Which includes, yes, the “most remote place on the planet.” The caption on this picture, as reproduced in the Guardian: “A container of Spam rests at 4,947 meters on the slopes of a canyon leading to the Sirena Deep in the Mariana trench. Photograph: NOAA Office of Ocean Exploration.” Three miles down! Is this unusual? Not in the slightest:
Small crustaceans that live in the pitch-black waters of the trench, captured by a robotic submarine, were contaminated with 50 times more toxic chemicals than crabs that survive in heavily polluted rivers in China.
Not a good sign. Remember PCBs? They’ve never truly gone away:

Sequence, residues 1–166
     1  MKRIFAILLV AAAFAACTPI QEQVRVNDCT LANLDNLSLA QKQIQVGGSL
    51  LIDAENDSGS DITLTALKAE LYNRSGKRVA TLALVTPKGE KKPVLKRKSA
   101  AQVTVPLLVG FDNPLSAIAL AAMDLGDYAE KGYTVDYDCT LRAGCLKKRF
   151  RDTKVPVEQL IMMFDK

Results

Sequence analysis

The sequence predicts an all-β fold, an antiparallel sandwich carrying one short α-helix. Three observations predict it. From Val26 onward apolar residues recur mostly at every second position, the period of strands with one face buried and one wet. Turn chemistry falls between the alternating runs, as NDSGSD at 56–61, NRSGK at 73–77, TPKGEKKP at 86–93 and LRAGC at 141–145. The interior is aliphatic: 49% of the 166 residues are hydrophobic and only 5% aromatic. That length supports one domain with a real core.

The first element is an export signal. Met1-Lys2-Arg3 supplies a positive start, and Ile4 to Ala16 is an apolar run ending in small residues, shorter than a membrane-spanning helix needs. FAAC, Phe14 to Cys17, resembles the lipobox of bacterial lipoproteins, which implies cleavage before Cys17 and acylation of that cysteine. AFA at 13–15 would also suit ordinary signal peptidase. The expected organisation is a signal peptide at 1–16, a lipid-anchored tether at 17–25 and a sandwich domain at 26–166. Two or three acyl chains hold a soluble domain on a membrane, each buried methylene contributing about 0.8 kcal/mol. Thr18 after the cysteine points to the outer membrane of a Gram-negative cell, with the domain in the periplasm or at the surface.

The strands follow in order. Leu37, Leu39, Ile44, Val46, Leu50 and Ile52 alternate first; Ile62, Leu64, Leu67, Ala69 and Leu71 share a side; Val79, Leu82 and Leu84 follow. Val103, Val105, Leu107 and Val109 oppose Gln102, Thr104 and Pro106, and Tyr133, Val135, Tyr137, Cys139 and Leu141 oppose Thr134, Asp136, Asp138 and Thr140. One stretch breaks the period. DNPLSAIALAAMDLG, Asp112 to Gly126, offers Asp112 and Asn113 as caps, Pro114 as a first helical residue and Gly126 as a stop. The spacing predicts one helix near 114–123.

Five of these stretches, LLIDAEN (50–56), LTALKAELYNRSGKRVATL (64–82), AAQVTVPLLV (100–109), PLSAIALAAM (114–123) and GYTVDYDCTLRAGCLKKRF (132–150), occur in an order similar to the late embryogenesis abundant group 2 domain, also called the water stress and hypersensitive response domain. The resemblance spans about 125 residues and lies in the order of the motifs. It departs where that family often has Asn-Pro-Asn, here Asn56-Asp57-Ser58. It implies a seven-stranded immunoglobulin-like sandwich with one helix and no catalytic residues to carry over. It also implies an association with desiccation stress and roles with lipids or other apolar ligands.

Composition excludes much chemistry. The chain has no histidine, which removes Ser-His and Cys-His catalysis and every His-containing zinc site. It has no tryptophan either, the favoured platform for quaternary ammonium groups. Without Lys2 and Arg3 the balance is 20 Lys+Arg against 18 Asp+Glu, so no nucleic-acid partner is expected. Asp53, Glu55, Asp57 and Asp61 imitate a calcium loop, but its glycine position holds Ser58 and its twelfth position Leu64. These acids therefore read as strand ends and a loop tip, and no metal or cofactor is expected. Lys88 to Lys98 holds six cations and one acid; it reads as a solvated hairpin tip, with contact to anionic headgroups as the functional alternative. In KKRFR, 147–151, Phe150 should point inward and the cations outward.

PCBs were manufactured from the 1930s to the 1970s, when their appalling impact on people and wildlife was realised. About a third of the 1.3m tonnes produced has already leaked into coastal sediments and the open oceans, with a steady stream still thought to be coming from poorly protected landfill sites.
And “landfill” may explain the artifact pictured above:
An expedition conducted by the US National Oceanic and Atmospheric Administration last year also found various manmade items on the slopes leading to the Sirena Deep, part of the Mariana trench, and the nearby Enigma Seamount. They included a tin of Spam, a can of Budweiser beer and several plastic bags.
The appalling impact of Budweiser beer has long been established.
(Via Holly Brockwell.)